Tuesday, January 10, 2012

Top Ten Authors I Wish Would/Could Write Another Book



This week's theme at The Broke and the Bookish threw me at first...
I don't read many first time authors...not on purpose anyway...I'm sure I've read plenty but just didn't know I was reading a first time author while I was reading.  So, for this week's list I actually browsed my glass bookshelves in my antique secretary (where the special books live out their lives) to see which authors I hadn't heard much from lately.  Some of these authors are dead, so we won't be seeing anything else from them, and that made me sad.  But, some of them are alive and well...as far as I know anyway.  I've done some searching to see if those authors who are still with us have plans to publish something new...but I didn't find anything.
Please let me know if you know something I don't :)

Here's my list:


1. Stieg Larsson 


I haven't read the last book in the Girl Who trilogy because I know when I do, the story is over.  I just found Lisabeth Salander; I'm not ready to lose her yet.  I am not interested in someone else continuing Larsson's storyline...I've not seen that done well (Alexandra Ripley's Scarlett), even when the author uses notes, etc from the writer himself/herself (see the note on Cold Sassy Tree below).


2. Olive Ann Burns 

Olive Ann Burns, a native of Banks County, began her writing career as a journalist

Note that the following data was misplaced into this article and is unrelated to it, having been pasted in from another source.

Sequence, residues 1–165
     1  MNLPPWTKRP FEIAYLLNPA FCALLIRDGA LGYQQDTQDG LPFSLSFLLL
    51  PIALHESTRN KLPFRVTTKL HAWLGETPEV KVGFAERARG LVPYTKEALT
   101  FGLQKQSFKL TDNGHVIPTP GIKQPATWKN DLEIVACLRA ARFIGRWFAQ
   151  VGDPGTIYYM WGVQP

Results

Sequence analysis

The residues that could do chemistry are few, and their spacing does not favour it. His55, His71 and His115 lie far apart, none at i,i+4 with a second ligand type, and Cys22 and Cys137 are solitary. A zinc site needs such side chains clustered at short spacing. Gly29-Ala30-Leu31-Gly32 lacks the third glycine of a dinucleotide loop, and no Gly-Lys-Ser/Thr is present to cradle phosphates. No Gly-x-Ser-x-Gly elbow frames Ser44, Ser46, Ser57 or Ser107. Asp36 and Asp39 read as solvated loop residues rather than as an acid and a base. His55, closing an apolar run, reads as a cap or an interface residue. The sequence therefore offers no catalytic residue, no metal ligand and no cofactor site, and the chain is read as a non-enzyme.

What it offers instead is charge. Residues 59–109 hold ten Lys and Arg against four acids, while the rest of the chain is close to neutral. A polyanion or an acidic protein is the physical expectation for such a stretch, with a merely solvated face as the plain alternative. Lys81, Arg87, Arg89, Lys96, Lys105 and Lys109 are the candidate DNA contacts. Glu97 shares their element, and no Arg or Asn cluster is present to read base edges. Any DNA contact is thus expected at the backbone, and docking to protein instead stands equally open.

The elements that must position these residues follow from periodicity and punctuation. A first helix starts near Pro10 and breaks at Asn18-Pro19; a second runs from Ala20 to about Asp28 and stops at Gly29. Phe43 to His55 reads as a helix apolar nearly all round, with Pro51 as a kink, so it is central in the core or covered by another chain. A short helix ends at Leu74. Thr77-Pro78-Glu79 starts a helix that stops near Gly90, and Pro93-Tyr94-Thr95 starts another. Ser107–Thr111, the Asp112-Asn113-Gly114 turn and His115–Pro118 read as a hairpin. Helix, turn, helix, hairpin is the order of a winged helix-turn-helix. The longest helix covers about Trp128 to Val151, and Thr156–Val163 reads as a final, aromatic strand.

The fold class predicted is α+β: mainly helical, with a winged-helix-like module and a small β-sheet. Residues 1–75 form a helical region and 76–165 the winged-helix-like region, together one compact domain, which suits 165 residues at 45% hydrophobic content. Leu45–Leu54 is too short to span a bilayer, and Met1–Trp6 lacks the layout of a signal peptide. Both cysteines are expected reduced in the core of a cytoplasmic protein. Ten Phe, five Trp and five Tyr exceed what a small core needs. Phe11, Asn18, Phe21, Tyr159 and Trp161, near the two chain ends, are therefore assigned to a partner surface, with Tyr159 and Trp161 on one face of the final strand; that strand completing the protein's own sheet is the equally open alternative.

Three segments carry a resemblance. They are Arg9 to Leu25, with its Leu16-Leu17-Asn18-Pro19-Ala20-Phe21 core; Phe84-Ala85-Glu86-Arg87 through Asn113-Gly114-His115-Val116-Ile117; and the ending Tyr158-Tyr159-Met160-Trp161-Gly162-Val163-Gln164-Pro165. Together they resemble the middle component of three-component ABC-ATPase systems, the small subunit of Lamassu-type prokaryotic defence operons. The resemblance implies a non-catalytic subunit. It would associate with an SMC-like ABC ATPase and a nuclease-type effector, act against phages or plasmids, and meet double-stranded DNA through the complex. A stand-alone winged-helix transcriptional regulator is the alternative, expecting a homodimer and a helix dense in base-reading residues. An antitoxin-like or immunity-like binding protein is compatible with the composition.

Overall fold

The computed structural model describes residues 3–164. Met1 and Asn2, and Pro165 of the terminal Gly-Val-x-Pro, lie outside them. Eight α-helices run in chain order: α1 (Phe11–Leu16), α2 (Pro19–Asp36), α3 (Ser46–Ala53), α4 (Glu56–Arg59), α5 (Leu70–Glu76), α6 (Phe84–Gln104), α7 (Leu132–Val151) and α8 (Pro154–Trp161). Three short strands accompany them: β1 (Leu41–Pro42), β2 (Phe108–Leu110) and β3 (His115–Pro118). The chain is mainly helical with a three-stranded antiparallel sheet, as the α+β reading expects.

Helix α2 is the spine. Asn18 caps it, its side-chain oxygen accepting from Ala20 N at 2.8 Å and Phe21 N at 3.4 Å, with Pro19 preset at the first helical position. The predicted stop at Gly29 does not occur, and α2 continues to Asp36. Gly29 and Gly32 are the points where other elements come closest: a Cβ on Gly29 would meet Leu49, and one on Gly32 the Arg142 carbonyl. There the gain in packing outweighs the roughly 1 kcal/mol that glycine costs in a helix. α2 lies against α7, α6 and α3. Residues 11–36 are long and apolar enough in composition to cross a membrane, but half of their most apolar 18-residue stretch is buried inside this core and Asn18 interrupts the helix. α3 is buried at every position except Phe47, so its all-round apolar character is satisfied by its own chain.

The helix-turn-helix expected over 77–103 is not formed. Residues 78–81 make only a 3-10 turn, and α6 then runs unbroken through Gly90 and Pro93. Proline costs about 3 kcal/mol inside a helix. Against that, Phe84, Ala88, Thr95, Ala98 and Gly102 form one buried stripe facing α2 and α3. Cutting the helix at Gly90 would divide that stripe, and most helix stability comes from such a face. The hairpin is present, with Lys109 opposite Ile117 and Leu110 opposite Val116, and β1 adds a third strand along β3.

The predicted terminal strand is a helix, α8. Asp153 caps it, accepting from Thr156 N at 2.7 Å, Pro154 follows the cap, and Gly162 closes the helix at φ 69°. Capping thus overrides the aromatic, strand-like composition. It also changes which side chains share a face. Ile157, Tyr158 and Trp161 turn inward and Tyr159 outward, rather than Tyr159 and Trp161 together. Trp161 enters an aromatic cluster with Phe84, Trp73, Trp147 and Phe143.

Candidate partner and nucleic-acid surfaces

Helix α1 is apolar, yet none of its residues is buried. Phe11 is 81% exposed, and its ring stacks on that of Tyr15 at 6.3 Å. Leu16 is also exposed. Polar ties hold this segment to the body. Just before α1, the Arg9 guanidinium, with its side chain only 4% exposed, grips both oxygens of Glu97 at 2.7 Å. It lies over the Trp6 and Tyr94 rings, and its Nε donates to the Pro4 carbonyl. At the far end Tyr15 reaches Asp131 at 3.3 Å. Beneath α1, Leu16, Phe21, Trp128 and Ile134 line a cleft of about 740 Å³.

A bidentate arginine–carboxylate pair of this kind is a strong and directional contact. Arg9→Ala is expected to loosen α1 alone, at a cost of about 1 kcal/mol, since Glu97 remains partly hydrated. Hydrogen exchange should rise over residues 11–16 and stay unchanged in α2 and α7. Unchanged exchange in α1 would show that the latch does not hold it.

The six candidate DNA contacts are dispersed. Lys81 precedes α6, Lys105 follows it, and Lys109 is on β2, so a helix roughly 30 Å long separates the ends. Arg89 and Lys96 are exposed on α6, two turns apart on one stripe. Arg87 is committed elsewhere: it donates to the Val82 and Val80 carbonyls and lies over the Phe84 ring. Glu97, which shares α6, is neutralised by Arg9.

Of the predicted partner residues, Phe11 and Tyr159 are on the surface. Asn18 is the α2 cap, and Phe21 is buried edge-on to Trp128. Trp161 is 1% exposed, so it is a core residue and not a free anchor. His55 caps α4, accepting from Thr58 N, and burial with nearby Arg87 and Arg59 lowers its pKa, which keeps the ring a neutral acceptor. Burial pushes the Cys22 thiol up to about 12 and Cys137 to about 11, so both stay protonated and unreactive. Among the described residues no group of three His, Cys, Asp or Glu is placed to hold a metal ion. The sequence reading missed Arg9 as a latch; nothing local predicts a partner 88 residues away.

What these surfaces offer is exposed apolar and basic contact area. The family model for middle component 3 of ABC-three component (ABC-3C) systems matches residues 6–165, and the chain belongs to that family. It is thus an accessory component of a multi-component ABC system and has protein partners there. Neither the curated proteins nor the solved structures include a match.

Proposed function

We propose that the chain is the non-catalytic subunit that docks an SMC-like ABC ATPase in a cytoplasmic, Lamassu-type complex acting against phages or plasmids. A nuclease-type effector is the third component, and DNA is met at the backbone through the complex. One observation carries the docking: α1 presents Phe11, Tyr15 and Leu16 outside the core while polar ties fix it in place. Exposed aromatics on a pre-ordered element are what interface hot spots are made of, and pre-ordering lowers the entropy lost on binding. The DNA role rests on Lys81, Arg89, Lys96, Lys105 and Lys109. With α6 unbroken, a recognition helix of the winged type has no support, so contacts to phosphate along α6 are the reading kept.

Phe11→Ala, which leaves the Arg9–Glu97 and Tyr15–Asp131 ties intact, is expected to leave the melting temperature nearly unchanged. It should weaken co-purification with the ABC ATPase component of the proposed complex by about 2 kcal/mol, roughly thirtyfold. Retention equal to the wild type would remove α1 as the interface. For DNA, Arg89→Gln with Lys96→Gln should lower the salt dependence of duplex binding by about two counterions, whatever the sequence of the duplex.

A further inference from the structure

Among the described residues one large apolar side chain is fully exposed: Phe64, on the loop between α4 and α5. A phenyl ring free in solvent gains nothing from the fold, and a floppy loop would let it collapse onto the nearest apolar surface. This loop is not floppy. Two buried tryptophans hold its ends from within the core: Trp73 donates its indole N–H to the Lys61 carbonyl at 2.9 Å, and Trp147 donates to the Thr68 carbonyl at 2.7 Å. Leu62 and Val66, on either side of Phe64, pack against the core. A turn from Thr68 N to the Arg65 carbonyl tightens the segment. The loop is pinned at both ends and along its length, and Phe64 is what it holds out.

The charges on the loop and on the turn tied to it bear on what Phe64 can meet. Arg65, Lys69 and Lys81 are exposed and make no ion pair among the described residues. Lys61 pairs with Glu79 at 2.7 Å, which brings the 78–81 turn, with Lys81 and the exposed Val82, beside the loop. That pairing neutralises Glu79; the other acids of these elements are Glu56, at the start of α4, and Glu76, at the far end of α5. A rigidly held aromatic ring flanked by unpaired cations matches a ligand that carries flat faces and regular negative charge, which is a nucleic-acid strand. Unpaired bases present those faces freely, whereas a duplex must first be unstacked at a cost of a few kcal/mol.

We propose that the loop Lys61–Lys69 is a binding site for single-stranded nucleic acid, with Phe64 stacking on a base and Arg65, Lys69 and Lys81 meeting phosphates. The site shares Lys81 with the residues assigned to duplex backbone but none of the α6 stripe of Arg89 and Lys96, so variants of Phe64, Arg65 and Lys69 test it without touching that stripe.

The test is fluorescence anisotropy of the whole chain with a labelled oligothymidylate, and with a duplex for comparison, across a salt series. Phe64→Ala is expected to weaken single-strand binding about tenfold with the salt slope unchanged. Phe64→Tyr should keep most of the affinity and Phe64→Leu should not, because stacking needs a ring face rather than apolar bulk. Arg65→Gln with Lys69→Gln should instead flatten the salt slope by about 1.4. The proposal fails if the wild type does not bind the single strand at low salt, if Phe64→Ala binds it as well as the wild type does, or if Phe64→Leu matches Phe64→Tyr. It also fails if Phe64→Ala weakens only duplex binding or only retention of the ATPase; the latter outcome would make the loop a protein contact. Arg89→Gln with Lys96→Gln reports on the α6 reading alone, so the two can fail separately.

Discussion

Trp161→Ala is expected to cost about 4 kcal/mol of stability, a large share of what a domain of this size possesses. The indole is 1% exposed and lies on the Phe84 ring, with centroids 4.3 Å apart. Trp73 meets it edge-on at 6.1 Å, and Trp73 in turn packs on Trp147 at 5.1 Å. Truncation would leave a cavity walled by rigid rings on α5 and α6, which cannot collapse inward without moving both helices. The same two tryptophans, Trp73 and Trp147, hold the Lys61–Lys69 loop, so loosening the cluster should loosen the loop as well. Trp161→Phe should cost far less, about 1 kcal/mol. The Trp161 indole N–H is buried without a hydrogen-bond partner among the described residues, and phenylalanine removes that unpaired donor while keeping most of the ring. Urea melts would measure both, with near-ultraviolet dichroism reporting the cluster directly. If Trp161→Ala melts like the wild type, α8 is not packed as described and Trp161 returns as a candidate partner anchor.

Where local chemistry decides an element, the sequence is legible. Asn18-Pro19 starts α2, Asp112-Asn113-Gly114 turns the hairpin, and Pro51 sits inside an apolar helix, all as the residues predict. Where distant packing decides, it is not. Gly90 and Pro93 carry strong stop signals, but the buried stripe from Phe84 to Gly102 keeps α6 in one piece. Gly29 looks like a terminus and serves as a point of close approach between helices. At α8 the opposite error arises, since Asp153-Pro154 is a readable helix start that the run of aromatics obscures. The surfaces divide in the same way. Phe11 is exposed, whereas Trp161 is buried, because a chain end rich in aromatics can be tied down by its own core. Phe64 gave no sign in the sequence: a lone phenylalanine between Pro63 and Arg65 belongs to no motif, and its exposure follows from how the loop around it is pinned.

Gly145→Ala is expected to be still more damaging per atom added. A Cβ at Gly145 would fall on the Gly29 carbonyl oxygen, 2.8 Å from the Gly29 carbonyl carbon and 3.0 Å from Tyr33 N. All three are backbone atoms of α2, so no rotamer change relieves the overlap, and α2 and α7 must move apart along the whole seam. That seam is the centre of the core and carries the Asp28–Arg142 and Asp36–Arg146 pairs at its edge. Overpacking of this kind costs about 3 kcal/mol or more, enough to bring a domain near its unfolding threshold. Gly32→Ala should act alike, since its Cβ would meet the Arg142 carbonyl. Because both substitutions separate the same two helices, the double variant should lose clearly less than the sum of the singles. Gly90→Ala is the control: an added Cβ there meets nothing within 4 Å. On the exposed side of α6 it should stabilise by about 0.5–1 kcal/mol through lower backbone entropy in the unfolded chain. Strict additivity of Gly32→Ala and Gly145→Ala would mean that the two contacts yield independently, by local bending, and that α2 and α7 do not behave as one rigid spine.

I loved Cold Sassy Tree...it was one of those books that just made me feel at home and stayed with me for a long time.  According to Burns editor, she wanted the unfinished manuscript of Leaving Cold Sassy published after her death.  The first part of Leaving Cold Sassy is Burns writing and I loved it...but the point where Burns writing stops just left me feeling lost.  It was as if the story just stopped, as if Burns died right then.  I would have rather not read any of it than to begin reading and end up falling off a cliff.


3. Willie Morris 


Besides all of the other wonderful things Morris wrote, most folks are familiar with My Dog Skip, whether through the movie, reading the book, or both.  Less readers, however, are familiar with his homage to a cat named Spit McGee.  Spit McGee found Morris (dog lover), and Morris became a cat lover...or a Spit McGee lover anyway.  Spit McGee outlived Morris and lived out his final days in leisure.  The photo below is the actual Spit McGee resting at home several years ago before his death.  I wish Spit McGee had found Morris early in his life so we would have more feline tales from Morris to treasure.






4.  Lilian Jackson Braun 


Ms. Braun began writing her Cat Who series in 1966 and continued well into her 90's.  Her books were heartwarming little mysteries that all featured two Siamese cats, KoKo and Yum Yum :)  One could expect a tightly knit plot, some tension and even a little edge from Ms. Braun.  She will be missed.